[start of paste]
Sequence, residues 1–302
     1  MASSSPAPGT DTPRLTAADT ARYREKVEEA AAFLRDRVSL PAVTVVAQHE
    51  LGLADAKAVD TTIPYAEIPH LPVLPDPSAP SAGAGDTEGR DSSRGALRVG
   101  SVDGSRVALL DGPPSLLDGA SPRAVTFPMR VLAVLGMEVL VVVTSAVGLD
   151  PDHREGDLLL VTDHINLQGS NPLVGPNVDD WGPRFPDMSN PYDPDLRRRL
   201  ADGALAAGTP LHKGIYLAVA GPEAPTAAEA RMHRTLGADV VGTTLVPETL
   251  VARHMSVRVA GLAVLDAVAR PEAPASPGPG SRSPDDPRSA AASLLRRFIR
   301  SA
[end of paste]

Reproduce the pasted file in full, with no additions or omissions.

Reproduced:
Sequence, residues 1–302
     1  MASSSPAPGT DTPRLTAADT ARYREKVEEA AAFLRDRVSL PAVTVVAQHE
    51  LGLADAKAVD TTIPYAEIPH LPVLPDPSAP SAGAGDTEGR DSSRGALRVG
   101  SVDGSRVALL DGPPSLLDGA SPRAVTFPMR VLAVLGMEVL VVVTSAVGLD
   151  PDHREGDLLL VTDHINLQGS NPLVGPNVDD WGPRFPDMSN PYDPDLRRRL
   201  ADGALAAGTP LHKGIYLAVA GPEAPTAAEA RMHRTLGADV VGTTLVPETL
   251  VARHMSVRVA GLAVLDAVAR PEAPASPGPG SRSPDDPRSA AASLLRRFIR
   301  SA